UK ditches COVID-19 app model to use Google-Apple system
By Alistair Smout
LONDON (Reuters) - The UK announced on Thursday that it would switch to Apple <AAPL.O> and Google <togetL.O> for its test and trace app, turning its current system around the problematic program.
The test and trace program is seen as a key measure for the country's reopening, but has also been criticized after the nationwide launch of a smartphone app developed by the National Health Service (NHS) last month towards the end of the year.
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Apple and Google have spoken to the UK about the technology that uses a decentralized model. The companies have prevented authorities using their technology from collecting GPS location data or requiring users to enter personal data.
Those who ran the program admitted that the change in approach was unplanned, but denied that it was a setback and stressed that they did not want to release an app that did not meet the standards.
The Apple and Google model has sparked interest in over 20 countries, although some of the restrictions they have imposed have frustrated governments as the world's two leading smartphone manufacturers undermine the usefulness of the technology by prioritizing user privacy.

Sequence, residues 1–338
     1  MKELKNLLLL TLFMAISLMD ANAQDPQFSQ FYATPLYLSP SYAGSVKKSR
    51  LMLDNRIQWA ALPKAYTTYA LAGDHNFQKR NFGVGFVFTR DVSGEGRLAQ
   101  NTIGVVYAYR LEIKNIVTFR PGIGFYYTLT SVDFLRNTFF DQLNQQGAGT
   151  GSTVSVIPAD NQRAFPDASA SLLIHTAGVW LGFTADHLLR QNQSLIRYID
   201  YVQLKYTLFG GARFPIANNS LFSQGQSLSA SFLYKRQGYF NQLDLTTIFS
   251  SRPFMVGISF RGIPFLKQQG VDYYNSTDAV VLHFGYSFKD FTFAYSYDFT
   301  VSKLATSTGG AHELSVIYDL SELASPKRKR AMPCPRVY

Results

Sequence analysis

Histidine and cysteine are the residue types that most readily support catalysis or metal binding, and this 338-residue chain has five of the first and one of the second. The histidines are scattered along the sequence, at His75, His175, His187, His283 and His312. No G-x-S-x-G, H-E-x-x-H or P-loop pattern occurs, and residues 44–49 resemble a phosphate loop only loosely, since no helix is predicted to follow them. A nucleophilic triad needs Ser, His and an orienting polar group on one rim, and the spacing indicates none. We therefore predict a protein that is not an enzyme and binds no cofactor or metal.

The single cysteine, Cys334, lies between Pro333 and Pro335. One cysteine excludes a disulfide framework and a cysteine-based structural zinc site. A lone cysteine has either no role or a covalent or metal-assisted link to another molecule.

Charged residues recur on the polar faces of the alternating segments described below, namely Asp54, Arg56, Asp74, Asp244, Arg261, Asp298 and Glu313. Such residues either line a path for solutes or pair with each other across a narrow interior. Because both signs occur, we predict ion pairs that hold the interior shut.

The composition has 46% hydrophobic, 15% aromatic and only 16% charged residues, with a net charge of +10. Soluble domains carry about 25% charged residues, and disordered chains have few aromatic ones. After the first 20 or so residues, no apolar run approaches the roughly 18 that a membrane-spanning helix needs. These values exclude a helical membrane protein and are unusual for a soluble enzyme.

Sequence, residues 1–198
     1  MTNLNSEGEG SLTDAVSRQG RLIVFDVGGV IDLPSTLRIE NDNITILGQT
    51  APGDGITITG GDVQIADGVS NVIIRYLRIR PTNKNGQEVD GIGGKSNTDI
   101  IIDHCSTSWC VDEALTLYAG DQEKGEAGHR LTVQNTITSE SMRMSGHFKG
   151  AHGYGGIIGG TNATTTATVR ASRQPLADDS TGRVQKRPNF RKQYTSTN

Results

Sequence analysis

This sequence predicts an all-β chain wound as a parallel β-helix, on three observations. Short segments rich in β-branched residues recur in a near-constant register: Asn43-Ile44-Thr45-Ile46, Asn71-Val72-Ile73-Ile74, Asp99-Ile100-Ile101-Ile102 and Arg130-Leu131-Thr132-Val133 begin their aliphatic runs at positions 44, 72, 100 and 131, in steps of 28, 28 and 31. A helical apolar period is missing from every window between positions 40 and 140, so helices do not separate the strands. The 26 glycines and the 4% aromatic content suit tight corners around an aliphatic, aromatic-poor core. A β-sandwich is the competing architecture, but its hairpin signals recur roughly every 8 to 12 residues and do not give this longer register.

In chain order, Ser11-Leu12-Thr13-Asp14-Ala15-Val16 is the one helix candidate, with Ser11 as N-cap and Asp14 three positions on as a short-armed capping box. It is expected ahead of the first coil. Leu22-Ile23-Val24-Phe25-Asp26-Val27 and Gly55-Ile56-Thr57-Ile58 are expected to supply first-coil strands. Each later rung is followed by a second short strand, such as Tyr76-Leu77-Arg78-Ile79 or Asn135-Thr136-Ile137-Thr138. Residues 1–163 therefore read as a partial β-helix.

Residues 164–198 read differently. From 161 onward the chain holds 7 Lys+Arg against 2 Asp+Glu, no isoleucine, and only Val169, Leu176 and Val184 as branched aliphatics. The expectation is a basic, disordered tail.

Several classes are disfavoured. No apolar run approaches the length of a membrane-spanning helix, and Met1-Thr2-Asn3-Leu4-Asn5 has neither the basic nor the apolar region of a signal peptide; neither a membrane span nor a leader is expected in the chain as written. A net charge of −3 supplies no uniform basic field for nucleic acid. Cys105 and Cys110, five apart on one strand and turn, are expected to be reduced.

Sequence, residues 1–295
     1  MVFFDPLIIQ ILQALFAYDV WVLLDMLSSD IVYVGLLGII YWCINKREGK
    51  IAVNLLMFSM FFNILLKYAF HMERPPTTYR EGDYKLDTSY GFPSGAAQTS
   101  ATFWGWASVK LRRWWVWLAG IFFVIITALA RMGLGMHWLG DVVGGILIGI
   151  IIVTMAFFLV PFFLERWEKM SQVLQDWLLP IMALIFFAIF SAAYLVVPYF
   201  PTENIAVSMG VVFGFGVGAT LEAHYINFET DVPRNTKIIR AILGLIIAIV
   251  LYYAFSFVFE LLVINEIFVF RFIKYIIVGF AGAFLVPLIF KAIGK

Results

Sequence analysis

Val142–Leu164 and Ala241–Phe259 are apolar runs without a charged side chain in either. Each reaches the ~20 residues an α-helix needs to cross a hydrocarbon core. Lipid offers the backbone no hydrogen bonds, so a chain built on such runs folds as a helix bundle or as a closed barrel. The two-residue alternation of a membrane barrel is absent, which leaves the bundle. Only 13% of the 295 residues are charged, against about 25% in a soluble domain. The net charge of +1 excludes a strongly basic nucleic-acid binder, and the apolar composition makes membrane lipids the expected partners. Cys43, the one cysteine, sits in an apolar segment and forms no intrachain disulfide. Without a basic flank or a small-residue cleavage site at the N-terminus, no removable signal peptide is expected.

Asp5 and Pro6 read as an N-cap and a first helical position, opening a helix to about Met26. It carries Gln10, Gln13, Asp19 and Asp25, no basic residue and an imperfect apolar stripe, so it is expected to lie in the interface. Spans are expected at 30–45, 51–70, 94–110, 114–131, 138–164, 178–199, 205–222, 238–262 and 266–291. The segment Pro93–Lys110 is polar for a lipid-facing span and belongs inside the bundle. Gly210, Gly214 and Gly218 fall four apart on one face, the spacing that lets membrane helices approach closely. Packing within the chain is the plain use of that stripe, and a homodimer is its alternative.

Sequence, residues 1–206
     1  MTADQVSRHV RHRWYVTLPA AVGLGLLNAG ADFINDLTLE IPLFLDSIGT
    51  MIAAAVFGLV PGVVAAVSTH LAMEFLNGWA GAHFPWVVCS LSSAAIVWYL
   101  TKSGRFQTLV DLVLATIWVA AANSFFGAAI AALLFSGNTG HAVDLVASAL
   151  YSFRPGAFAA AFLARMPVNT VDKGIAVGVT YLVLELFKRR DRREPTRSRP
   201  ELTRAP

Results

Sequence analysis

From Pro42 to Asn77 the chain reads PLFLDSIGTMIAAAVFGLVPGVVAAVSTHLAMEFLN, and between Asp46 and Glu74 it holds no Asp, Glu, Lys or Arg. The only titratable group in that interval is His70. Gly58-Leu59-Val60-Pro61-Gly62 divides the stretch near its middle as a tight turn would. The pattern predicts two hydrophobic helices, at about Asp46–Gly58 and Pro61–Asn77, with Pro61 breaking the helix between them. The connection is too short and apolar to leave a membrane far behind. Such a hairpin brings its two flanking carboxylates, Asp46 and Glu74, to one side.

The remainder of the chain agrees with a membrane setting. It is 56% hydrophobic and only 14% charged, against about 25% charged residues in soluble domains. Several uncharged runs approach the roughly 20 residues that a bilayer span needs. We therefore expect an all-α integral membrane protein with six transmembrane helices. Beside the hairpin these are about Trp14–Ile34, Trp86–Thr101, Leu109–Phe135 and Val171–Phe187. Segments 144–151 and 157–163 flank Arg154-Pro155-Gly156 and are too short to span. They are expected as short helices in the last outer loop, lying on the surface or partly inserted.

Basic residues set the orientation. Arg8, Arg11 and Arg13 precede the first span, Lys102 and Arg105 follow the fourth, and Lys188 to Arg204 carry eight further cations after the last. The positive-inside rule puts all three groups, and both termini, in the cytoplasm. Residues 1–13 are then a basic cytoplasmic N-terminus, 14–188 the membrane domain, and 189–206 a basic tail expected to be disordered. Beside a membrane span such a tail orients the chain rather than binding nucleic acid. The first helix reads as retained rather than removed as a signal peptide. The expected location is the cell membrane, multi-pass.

The current British app is being tested on the Isle of Wight off the south coast of England, where it has proven to be good on Google's Android operating systems, but not on Apple iPhones.
The ministers admitted technical problems with the app, which meant that it was not ready in time for the start of the English test and trace system on May 28th.
James Bethell, a junior health minister, said on Wednesday about the app that the government wanted to "get something going for the winter," but it wasn't a priority.
Britain's adoption of this "decentralized" approach would correspond to a growing number of European countries, including Italy, Switzerland, Germany and Austria.
(Reporting by Alistair Smout; editing by Kate Holton / Guy Faulconbridge)
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